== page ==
Many leaders hesitate to ask questions because they fear it will make them appear weak. Leaders are supposed to have all the answers, right? Unfortunately (or fortunately, depending on how you look at it), the world we live in has become so complex that it is simply not possible for anyone to have all the answers, no matter how tenured he or she is. But there are all kinds of benefits to asking questions, regardless of how much you know.

Here are a few:
1. Great questions lead to great discoveries. If you ask profound questions, you get profound answers. If you ask shallow questions, you get shallow answers. If you ask no questions, you get no answers at all.
2. Great questions are the anecdote to advice. Our own advice can be great sometimes, but lousy or misinformed other times. Giving advice is easy and costs little, at least on the surface. In organizational settings, however, a leader’s advice can quickly get translated into a “direct order” with no room for further discussion.
3. Great questions develop the critical thinking skills of others. If you are a leader, the critical thinking skills of your team will likely determine how far you go. When you give answers, you get followers. When you offer questions (and coach through the process of determining the best answer), you develop more leaders.
4. Great questions delegates responsibility. At the end of the day, if you are the person everyone comes to with every problem, your leadership bar will remain low. Leaders need followers who can solve problems on their own. In addition, keep in mind that a person is always more motivated to act on and own a solution he or she has come up with themself than to follow the guidance of someone else.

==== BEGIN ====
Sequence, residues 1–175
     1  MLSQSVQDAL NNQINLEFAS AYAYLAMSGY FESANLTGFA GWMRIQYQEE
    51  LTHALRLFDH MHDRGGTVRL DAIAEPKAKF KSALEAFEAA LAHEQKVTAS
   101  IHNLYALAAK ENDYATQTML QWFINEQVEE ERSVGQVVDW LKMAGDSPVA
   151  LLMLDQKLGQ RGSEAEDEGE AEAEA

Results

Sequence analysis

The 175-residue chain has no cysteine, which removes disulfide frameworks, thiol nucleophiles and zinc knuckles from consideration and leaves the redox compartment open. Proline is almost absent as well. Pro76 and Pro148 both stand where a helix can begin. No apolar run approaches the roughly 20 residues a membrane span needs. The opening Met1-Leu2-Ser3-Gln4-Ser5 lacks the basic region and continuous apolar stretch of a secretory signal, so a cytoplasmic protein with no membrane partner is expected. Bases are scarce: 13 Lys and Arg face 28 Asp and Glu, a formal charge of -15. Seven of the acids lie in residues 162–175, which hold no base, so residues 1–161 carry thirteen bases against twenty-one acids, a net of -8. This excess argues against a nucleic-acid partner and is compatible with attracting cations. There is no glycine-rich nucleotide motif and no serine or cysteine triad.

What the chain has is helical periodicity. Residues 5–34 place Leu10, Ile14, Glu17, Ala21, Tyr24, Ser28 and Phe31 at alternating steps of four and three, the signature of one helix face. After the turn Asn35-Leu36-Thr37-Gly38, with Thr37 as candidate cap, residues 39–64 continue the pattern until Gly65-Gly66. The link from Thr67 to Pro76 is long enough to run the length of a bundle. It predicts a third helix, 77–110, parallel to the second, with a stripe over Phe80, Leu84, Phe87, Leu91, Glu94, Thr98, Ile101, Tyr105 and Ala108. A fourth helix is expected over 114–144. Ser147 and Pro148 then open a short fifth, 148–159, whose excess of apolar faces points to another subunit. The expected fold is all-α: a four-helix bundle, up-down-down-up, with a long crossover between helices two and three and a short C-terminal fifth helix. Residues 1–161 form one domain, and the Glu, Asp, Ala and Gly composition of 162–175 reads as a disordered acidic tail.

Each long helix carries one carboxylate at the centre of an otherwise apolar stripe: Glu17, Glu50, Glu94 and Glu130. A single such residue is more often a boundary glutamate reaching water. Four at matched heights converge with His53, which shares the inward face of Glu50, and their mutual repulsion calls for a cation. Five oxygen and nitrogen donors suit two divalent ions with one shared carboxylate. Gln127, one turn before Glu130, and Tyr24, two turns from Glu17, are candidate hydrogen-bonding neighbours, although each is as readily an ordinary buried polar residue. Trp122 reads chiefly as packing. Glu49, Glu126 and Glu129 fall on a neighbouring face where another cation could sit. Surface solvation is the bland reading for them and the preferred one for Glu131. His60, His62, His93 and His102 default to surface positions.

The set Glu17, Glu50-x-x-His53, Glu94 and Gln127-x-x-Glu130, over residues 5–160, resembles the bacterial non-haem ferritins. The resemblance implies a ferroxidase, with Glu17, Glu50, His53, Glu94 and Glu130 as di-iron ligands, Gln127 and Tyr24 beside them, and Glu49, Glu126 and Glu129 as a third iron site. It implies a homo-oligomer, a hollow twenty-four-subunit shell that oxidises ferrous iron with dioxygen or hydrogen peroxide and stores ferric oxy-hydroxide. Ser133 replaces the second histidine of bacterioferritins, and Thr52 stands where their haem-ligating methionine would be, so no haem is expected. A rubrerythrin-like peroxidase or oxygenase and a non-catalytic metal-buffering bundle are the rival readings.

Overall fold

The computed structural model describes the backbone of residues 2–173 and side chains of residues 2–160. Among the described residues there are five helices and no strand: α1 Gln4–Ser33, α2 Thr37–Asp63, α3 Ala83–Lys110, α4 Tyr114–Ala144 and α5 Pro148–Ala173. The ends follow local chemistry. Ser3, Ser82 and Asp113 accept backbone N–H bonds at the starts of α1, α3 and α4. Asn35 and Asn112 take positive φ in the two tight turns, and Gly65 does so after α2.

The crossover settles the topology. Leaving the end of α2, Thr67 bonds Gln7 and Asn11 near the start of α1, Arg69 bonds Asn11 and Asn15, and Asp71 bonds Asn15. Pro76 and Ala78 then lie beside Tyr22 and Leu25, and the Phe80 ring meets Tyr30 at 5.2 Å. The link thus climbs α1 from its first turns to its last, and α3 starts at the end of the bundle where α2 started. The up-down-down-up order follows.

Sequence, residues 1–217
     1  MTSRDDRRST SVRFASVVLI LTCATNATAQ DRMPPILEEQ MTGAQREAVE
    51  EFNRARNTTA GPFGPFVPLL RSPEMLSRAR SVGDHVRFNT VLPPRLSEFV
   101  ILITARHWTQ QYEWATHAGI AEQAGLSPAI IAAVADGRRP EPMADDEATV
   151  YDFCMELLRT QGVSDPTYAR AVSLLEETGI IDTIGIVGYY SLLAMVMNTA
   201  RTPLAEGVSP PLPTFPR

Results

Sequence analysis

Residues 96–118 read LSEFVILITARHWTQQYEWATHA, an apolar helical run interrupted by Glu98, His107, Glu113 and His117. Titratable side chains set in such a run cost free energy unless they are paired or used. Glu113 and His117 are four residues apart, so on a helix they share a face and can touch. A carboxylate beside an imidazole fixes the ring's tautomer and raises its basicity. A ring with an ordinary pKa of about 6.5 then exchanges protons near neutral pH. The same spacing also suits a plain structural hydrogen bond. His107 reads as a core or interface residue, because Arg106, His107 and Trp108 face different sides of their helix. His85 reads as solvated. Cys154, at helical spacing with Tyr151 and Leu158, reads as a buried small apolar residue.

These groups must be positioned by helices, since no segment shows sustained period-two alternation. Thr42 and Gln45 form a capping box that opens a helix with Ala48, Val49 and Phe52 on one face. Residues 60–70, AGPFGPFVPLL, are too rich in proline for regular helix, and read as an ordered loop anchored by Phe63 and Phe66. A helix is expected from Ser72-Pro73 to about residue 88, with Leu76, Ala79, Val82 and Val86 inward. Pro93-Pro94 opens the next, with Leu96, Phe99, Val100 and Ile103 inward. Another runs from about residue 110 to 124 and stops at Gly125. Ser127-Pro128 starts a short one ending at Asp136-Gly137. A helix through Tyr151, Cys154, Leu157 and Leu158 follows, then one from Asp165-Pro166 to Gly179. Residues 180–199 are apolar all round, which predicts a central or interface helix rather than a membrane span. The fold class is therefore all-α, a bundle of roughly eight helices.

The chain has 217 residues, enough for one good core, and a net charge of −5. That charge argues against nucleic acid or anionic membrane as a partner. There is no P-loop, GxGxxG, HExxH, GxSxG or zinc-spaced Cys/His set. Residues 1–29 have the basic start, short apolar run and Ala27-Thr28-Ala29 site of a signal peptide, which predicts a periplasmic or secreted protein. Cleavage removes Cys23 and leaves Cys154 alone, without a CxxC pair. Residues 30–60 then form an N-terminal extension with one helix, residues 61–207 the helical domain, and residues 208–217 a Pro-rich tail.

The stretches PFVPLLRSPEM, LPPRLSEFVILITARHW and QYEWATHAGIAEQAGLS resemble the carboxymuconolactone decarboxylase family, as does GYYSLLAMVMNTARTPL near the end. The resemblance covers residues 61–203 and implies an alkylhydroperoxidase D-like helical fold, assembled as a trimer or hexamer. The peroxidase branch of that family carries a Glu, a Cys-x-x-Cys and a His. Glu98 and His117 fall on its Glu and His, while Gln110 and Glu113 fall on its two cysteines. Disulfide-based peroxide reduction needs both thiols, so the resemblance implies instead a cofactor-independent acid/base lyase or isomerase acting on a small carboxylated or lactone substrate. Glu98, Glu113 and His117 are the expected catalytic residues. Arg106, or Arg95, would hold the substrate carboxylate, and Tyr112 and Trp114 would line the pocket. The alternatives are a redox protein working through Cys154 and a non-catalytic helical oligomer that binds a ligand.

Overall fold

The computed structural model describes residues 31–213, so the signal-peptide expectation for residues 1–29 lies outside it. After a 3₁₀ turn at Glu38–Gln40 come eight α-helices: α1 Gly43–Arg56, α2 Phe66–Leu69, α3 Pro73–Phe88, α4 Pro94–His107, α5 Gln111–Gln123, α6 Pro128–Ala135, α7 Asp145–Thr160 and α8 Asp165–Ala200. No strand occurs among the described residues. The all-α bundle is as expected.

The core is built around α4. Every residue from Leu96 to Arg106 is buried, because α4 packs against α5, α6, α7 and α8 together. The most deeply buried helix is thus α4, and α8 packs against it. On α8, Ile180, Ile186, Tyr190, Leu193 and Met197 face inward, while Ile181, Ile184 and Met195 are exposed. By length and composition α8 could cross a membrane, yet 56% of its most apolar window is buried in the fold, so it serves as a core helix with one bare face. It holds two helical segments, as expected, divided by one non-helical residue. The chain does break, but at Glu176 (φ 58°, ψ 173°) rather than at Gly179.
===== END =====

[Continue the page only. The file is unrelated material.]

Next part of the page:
What do Great Questions Look Like?
It is true that most leaders don’t become great at asking questions until they become great at listening (something that should cause each of us to pause and consider). There is a learning process for everything. But in the meantime, let us consider some examples of what great, powerful questions look like.
Leading vs. Non-Leading Questions: A leading question proposes a solution in the form of a question. A non-leading question opens up the possibility for multiple solutions.

Consider the differences between these two examples.
Leading: “What would happen if you tried having training meetings on Tuesdays?”
Non-Leading: “What are some different options for conducting training?”

Closed vs. Open-ended Questions: Closed questions require a “yes” or “no” answer while open-ended questions can have many outcomes.
Closed: “Have you thought about creating a new task force?”
Open-ended: “What are some ways you could approach this challenge?”

Advice vs. Possibility Questions: An advice question is basically just advice in the form of a question.
Advice: “Couldn’t you address that situation at this afternoon’s meeting?”
Possibility: “When (or how) could you address that situation?”

Why vs. “Tell Me More” Questions: Why questions can be abrasive and feel accusatory, regardless of their intent. No one likes being on trial. Using a “tell me more” approach opens up the dialogue.
Why: “Why did you decide to ship only seven orders?”
Tell me more: “Can you tell me more about the thought process for this shipment?”

Actually asking great questions instead of giving advice is probably one of the hardest disciplines leaders encounter. The first step is to stop yourself from giving unsolicited advice. The next step is to respond with a question. The next step is to make that question a powerful one. I encourage you to give it a try and actually stick with it. Ask someone to give you feedback on your question-asking ability. It will be slow at first, but eventually, it will start becoming natural. Besides the leaders you serve will develop right along with you.